Gender and Peacekeeping
Gender and peacekeeping is an increasingly topical issue. If more women were peacekeepers, argues guest blogger Kathleen Rose, there would be more opportunities for young people to contribute to the peace process, too.
Peacekeeping is defined in the Oxford dictionary as the active maintenance of a truce between nations and/or communities. This process has been utilised for many years, and has played an important part in keeping many wars, coups d’état and violent uprisings at bay. But peacekeeping has mainly been undertaken by men, and men alone.
What about women? In 2006, women consisted of 1.9% of the military component in the UN peacekeeping department, and in 2012, they made up only 3% of military personnel and 10% of police personnel. There is a lack of women in the military and police forces worldwide for many reasons, but the number of females in peacekeeping operations are gradually climbing.
The role of gender and peacekeeping is a controversial idea. An argument against deploying women as peacekeepers in violent conflicts is who would stay home with the children? A similar argument explores the idea that women are meant to be mothers: they should stay at home and take care of their children while the men go out, fight and put their lives on the line. Females should not be part of the military, police or anti-war mediators.
It is, however, important to notice that the main enforcers of violent conflicts are almost always men. It just so happens that the predominant figures in peacekeeping are also men. They are both the enablers of violence as well as the peacekeepers.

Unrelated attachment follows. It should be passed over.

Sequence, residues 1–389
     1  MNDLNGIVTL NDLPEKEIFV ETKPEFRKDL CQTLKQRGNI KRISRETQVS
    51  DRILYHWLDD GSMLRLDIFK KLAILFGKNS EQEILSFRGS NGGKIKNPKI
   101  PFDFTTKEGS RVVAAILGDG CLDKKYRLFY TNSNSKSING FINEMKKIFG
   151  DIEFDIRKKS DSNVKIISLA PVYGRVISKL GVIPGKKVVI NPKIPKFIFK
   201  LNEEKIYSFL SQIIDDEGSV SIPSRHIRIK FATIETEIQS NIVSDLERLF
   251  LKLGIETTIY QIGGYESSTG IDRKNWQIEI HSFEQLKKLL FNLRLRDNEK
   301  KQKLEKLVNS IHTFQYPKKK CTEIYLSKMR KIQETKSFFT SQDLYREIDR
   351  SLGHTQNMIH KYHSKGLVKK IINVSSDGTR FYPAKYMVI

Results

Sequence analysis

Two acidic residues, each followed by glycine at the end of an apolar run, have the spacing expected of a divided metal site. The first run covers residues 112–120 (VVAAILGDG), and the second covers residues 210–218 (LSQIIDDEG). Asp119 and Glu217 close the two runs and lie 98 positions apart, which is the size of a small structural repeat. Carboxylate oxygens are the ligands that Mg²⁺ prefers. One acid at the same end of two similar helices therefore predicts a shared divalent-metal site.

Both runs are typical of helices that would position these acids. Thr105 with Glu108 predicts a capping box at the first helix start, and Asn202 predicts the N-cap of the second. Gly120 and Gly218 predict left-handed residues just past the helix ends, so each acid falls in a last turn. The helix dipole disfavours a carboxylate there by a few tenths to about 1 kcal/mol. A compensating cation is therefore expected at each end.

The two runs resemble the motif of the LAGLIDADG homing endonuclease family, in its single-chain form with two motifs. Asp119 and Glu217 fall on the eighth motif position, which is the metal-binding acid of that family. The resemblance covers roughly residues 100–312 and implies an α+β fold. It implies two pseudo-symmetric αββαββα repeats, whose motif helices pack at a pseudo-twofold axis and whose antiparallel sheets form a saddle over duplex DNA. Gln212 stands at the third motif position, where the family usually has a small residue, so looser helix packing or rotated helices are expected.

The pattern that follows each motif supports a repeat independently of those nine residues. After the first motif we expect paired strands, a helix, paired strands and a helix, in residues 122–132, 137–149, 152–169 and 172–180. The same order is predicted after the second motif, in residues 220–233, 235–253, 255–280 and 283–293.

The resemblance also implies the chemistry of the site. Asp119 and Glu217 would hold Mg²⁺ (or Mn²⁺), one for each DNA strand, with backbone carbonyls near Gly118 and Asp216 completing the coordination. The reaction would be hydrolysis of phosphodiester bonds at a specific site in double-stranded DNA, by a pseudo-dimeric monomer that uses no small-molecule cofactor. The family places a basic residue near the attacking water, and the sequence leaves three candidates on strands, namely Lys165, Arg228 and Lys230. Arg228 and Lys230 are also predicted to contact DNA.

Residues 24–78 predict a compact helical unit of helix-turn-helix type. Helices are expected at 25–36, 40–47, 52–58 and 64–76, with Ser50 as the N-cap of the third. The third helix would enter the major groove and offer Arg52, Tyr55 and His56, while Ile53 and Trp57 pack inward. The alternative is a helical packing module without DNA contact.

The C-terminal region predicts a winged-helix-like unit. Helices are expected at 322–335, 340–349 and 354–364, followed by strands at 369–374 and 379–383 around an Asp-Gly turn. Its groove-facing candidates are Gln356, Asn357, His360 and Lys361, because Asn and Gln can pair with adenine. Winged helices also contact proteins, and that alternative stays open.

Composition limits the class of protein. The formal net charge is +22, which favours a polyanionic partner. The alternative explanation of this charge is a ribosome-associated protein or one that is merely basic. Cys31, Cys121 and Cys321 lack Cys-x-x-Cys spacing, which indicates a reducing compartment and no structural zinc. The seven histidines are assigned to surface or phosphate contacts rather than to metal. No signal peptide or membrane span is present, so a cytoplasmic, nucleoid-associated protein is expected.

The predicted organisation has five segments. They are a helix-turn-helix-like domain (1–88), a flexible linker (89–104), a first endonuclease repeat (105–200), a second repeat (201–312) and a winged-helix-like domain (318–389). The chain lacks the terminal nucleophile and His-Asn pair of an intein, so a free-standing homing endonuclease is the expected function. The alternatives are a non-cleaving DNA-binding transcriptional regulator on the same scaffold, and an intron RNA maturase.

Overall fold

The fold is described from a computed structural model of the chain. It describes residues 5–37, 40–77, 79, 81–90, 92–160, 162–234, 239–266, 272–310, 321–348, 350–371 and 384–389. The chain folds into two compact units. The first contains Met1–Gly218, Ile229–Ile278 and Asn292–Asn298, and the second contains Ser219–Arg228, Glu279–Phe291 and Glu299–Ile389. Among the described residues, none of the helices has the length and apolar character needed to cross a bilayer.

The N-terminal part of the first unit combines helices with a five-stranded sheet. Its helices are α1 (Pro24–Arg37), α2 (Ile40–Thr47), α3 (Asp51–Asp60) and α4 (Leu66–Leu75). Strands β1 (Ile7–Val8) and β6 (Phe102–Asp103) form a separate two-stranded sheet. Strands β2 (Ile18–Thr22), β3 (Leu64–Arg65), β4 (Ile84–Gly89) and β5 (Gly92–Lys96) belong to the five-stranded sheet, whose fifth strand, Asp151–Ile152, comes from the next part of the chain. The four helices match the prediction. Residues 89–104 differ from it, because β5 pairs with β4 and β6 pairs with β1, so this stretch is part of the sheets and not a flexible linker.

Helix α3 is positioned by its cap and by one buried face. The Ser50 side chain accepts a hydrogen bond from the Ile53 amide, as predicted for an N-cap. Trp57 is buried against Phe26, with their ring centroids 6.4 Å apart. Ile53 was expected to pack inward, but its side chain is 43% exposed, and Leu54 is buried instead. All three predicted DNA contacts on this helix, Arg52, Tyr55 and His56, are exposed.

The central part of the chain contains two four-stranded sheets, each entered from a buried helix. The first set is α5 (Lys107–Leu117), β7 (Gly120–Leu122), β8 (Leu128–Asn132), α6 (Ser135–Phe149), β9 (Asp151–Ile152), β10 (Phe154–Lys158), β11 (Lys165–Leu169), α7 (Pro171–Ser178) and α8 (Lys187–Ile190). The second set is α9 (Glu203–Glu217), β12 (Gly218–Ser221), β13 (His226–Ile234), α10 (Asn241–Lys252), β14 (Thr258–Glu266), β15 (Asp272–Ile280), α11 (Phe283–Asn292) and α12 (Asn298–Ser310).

What are the benefits of having women in peacekeeping processes? Firstly, local youth admit to finding female peacekeepers more approachable and less frightening than male peacekeepers – women peacekeepers are able to create good relationships and build trust among local children.
Secondly, in order to respect women’s rights, female peacekeepers are often needed at airports, roadblocks and borders to execute body searches. A third reason is that female peacekeepers increase the chances of working with local youth and women groups to assemble information that will give them the necessary means to have detailed and more accurate information for decision-making.
When they’ve finished work, female peacekeepers can get to know the local women and young people, and talk to them about what’s really going on behind ‘closed doors’. In other words, it is more likely that female peacekeepers will obtain more information about things that are not spoken about in public – things that men might not be privileged to find out.
All in all, women should be more involved in peacekeeping processes for many reasons, but especially for the sake of young people and the future stability of their communities.
Source: UN News Center. 2010. “Women in Peacekeeping. United Nations Peacekeeping.” 19 Nov. 2015. http://www.un.org/en/peacekeeping/issues/women/womeninpk.shtml
Submitted by Kathleen Rose, a recent Political Science graduate from McGill University in Montreal. Having travelled to over 30 countries, including third world countries, she is keen to learn more about international development and human rights. She is an avid athlete, a violinist for 14 years and counting and is presently an intern for a political and human rights organisation in London.
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